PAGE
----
So much for open meeting laws, secret budget talks continue with four days left

The Governor’s Mansion

Minnesota political reporters are tweeting pictures sitting outside the Governor’s mansion this week, waiting for any news of a budget deal.

While this show has become commonplace during the final weeks of session, it’s fair to ask: Are Minnesota’s open-meeting laws being violated by the closed-door-budget negotiations?

In Minnesota, the spirit of the open-meeting law dictates that lawmaking should be made in public.  Yet secret negotiations have been going on for weeks between Governor Mark Dayton, Speaker Kurt Daudt, R-Crown, and Senate Majority Leader Tom Bakk, D-Cook.

Bills become laws by first passing the House and the Senate, then a conference committee comes together to negotiate the differences.  But the bulk of those negotiations don’t seem to be happening at the Capitol between legislators, they’ve been happening at 1006 Summit Avenue.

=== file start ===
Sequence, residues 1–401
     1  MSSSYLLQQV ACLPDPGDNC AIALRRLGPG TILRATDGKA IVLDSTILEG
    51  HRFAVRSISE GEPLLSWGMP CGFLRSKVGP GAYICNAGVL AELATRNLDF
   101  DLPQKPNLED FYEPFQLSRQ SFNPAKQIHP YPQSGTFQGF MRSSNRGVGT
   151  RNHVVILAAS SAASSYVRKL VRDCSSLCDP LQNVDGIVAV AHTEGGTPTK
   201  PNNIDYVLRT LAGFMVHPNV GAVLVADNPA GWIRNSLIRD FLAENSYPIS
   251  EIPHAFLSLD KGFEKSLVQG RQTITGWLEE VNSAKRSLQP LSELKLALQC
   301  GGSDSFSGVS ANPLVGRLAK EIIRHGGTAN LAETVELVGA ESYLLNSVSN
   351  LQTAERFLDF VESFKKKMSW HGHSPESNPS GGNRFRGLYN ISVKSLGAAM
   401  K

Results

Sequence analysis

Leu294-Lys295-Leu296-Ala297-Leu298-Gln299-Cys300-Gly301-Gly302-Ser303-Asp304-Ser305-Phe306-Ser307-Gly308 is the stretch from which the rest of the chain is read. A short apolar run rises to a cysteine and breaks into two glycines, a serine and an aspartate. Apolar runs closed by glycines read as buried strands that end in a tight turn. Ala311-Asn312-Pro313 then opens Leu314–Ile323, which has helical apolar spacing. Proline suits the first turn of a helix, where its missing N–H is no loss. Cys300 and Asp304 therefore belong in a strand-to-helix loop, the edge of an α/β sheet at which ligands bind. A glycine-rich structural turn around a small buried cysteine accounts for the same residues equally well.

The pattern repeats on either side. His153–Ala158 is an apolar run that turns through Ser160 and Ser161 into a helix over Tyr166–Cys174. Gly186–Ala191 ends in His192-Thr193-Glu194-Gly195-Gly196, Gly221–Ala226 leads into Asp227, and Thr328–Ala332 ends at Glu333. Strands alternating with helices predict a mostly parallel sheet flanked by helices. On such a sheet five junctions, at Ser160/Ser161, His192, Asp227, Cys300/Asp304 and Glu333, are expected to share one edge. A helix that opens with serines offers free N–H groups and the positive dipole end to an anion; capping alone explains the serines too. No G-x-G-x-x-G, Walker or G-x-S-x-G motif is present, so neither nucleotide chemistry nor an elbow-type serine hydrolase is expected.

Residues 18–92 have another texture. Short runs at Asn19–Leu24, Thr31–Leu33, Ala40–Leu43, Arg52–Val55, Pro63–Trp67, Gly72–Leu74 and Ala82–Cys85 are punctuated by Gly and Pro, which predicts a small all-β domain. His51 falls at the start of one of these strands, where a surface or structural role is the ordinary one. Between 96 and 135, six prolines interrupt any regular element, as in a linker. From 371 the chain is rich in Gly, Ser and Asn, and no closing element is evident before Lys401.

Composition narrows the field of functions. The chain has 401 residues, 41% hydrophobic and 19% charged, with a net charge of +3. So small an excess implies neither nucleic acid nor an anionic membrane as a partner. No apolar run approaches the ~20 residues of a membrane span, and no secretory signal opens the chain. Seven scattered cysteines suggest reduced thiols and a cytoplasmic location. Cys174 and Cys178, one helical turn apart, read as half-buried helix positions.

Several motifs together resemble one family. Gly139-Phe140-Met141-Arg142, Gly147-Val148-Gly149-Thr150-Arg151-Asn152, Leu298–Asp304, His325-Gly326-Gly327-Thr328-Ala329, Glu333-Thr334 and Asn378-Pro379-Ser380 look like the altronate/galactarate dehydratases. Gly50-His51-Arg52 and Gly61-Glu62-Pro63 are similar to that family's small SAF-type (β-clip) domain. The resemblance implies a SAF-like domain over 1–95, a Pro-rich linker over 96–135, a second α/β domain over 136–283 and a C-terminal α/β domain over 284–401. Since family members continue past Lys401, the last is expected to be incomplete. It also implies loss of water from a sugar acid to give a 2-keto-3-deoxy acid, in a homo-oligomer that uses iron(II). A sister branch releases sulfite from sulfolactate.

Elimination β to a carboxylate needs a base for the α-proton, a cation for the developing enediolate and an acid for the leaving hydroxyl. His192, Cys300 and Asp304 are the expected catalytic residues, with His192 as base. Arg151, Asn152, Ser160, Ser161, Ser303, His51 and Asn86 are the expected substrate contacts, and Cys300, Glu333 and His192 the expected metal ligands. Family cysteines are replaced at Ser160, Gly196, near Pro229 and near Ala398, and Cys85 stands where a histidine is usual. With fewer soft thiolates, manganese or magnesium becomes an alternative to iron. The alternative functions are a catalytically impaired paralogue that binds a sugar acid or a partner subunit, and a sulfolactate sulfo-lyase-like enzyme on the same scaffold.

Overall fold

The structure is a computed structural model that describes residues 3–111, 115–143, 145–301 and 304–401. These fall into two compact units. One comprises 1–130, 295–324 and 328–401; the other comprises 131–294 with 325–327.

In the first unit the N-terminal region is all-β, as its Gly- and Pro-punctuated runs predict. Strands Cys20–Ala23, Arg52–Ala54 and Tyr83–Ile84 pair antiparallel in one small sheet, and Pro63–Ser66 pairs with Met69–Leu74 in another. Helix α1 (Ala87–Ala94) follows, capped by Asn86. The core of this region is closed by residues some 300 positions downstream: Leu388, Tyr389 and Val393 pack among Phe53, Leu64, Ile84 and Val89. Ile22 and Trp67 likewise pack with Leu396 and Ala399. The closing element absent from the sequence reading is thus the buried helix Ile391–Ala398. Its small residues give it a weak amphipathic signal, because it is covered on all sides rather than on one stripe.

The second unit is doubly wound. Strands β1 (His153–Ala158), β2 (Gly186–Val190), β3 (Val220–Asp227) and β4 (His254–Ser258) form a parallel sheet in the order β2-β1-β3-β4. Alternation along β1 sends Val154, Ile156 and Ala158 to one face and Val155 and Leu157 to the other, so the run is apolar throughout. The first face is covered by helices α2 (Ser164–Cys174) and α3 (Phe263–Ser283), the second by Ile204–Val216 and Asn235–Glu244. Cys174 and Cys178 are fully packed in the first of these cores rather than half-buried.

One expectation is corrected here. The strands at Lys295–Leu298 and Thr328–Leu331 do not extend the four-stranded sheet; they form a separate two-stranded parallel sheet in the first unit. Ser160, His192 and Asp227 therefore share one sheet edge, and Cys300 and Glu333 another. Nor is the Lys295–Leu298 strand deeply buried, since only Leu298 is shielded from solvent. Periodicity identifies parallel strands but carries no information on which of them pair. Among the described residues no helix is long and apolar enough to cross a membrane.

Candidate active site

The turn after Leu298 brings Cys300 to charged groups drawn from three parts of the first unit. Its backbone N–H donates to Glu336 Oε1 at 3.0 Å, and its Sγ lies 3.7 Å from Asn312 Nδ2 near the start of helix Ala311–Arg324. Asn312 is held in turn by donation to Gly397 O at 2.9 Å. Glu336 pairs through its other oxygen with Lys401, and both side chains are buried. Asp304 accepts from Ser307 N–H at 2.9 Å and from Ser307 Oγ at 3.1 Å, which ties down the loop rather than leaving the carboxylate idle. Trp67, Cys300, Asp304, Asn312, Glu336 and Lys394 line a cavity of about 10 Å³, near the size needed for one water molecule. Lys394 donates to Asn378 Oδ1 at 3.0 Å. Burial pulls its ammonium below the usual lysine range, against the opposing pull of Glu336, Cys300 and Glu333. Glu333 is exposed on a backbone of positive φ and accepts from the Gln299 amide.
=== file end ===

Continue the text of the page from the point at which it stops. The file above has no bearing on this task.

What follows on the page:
Conference committees in St. Paul have been meeting, but have mostly stayed away from the meat of the large omnibus bills, waiting for the larger budget framework to be set.  Huge issues that will affect Minnesotans such as a gas tax hike and the state taking over 125,000 acres for buffer strips are not being debated for the public to see.

We are four days away from the constitutionally-mandated deadline to wrap up session yet the bills are idling and last-minute changes won’t allow any time for public input.  Issues like flame-retardant chemicals in children’s products are being discussed in committee and resolutions to recognize Supreme Court justices are being read on the floor.

For this final full week of the legislative session, the House and Senate have only been on their respective floors for about twelve hours since Monday.

If Minnesotans face the absurd prospect of a government shutdown with a $2 billion budget surplus, then they should question how these last-minute closed-door meetings negatively impact lawmaking.

The House began session at 10am today and recessed 26 minutes later, the Senate begins session at 11am.